This Fall I set out on a 7 day solo canoe trip. All of my skills and experiences as a naturalist finally came together to keep me safe and to teach me about myself, my creative practice and my world. I relied on my precious healthy body to take me through the journey with strength and to keep me going with every challenge and ache. As it fueled itself from the very lakes that took me deeper, I couldn’t help but feel more and more connected as the week went on.
It was an incredible experience and I look forward to future solo trips. I paddled almost 50km and portaged 26km (round trip) through varying weather and water conditions.
My sweetheart paddled out to meet me from the next access point for a day of rest and to check-in. Seeing him paddling toward me as the sun was setting was a precious gift. Only a few hours earlier I mistook a bear for the sound of his splashing. I walked over to my lookout point in anticipation as a medium sized bear plunged out of the water in the clearing, nearly knocking me down and escaping into the woods. Clayton is a big guy, but this case of mistaken identity is one for the books. Sometimes one must feel grateful for even one half of a second of serendipitous grace.
Bears were abundant this time of year. The day prior, I was portaging out to my furthest point and was suddenly surrounded by 3 bears. A giant mamma bear with a leaping fat cub to my left and a large bear with a brilliant and bright yellow nose about 60 feet to my right. Knowing that I was the only one on the portage and the only one on my lake, I was relieved that backcountry black bears are still mostly fearful and cautious of people and they were as surprised as I was by their presence when I spoke.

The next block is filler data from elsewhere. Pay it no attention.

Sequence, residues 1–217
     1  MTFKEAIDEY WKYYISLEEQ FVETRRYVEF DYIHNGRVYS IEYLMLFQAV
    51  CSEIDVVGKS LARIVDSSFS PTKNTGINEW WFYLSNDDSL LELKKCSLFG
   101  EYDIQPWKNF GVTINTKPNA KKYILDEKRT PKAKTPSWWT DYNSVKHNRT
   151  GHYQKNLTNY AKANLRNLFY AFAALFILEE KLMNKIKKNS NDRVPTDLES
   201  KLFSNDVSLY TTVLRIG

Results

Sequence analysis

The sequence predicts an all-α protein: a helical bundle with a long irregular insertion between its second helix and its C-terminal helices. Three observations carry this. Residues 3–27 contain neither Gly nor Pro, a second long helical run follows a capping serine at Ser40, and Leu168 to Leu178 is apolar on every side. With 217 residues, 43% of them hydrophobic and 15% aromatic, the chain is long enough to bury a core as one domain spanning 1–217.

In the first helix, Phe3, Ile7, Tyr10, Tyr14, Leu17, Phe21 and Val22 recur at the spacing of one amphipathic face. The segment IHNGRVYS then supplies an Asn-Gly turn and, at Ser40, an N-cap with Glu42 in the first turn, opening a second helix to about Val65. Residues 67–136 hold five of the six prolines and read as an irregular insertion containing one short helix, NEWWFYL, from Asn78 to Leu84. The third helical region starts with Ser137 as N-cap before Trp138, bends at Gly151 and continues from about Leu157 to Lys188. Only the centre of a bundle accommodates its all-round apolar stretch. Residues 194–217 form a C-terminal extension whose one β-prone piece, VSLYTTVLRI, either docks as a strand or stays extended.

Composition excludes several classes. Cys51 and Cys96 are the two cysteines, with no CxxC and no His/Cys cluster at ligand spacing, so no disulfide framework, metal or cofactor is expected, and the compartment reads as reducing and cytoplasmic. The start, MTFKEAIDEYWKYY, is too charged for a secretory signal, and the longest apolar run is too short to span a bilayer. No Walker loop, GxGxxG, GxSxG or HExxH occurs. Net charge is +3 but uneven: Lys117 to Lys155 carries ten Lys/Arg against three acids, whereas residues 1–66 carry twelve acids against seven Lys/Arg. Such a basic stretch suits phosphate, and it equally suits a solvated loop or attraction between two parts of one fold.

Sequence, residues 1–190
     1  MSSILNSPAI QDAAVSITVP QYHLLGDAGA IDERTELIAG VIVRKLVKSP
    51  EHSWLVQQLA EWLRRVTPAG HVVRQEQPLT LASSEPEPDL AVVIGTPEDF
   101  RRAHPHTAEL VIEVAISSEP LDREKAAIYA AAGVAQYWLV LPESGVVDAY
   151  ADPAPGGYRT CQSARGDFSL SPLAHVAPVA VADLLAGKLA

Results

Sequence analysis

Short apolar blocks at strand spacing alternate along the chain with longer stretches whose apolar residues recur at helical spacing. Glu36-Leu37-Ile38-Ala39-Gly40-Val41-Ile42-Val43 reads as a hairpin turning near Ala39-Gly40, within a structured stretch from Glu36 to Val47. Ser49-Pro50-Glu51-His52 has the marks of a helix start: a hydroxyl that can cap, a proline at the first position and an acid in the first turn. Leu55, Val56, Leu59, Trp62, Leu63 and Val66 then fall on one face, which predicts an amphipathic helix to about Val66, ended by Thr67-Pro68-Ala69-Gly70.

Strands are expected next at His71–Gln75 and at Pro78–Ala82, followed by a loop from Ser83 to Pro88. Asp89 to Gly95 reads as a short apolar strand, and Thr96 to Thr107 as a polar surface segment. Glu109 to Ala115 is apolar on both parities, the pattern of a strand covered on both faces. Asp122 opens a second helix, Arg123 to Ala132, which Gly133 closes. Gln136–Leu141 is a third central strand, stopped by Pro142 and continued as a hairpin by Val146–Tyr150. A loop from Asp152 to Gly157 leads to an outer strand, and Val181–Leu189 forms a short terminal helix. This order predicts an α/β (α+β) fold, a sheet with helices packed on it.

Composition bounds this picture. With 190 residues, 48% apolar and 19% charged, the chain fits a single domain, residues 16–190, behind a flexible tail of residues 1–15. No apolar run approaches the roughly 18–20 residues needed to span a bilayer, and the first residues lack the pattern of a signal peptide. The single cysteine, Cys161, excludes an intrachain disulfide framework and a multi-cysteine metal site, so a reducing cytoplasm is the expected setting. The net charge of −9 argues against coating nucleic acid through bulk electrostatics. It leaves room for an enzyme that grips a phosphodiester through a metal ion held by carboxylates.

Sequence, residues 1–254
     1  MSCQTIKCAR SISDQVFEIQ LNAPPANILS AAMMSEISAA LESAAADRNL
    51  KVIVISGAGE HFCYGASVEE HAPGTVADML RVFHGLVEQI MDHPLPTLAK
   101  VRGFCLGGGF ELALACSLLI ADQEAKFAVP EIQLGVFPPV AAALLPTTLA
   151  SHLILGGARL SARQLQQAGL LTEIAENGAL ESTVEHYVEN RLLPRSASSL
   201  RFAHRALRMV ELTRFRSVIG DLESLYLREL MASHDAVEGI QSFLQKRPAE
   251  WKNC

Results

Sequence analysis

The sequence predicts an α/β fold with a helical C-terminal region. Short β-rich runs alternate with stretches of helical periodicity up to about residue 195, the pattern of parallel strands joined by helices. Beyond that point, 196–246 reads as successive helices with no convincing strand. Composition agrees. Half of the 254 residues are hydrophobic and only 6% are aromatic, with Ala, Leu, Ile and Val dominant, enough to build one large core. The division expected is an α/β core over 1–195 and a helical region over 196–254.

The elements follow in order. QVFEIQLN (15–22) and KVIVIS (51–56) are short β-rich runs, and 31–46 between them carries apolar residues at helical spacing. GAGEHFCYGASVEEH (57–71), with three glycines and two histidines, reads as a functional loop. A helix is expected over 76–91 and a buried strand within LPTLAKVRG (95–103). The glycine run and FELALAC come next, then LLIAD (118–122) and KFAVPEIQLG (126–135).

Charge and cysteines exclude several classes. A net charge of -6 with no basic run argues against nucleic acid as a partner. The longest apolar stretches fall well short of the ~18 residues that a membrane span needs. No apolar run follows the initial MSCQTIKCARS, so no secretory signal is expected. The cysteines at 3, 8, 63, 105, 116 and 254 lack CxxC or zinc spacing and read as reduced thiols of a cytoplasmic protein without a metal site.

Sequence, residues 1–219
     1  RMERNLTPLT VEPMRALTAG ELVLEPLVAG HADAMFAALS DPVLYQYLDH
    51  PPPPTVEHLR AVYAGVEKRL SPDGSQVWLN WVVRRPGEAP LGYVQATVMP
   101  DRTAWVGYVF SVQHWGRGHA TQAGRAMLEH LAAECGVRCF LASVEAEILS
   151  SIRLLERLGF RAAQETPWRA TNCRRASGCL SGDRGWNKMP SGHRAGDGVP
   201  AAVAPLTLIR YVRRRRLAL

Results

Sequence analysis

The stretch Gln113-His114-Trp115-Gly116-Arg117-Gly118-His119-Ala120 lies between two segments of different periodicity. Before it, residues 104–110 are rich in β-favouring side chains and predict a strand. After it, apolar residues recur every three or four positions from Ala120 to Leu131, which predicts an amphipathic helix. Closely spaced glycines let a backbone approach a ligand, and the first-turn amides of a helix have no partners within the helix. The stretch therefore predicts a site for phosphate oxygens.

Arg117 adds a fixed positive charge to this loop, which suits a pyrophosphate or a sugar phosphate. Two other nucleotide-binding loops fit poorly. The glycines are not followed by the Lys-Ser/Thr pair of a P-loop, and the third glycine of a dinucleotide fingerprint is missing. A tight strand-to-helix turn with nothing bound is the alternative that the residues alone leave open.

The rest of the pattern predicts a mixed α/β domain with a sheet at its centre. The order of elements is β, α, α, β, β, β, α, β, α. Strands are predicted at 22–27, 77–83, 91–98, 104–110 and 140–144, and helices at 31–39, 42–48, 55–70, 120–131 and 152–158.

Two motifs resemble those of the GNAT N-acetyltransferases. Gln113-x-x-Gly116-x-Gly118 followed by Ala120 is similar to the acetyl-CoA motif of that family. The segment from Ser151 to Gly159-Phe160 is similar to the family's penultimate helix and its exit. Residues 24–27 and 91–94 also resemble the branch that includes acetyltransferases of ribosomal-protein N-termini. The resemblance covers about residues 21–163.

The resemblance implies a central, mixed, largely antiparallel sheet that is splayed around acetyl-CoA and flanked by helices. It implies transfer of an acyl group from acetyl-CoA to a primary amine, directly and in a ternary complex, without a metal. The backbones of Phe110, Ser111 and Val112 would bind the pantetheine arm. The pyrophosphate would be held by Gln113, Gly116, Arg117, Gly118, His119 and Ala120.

Buzzing with adrenaline I finished that portage and set out in dizzying white caps to navigate to an island I had scoped out for bear safety on my map. Celebrating with a triumphant swim, I climbed my castle and set up my tent at its rocky edge. Bracing myself inside my tent when a powerful wind came, I hoped that I wouldn’t be swept over the edge by the strong and lengthy gust. I held on tight and as if feeling my same trepidation, a wolf howled loud and long as it finally trickled to an end.
The week was filled with wildlife. I paddled alongside beavers (and was kept up at night by their incessant gnawing), was greeted by a giant snapping turtle and martens and summoned so many owls. They came from afar to inquire about mistaken territories (great horned, barred, great grey). A slightly irate barred owl stayed to hunt when we finally got our stories straight.
Sure, nicky nicky nine doorsing owls might sound juvenile, but they fall for it every time. Real wise, owls.
I was awoken on my last morning just as the sky felt its first touch of colour by a pack of nearby wolves howling for what felt like more than 10 minutes. If only to have that as a daily alarm clock I would vow to never hit snooze again.
Please enjoy some of my photos, and thanks for being curious about my trip. Love you to pieces, Canada!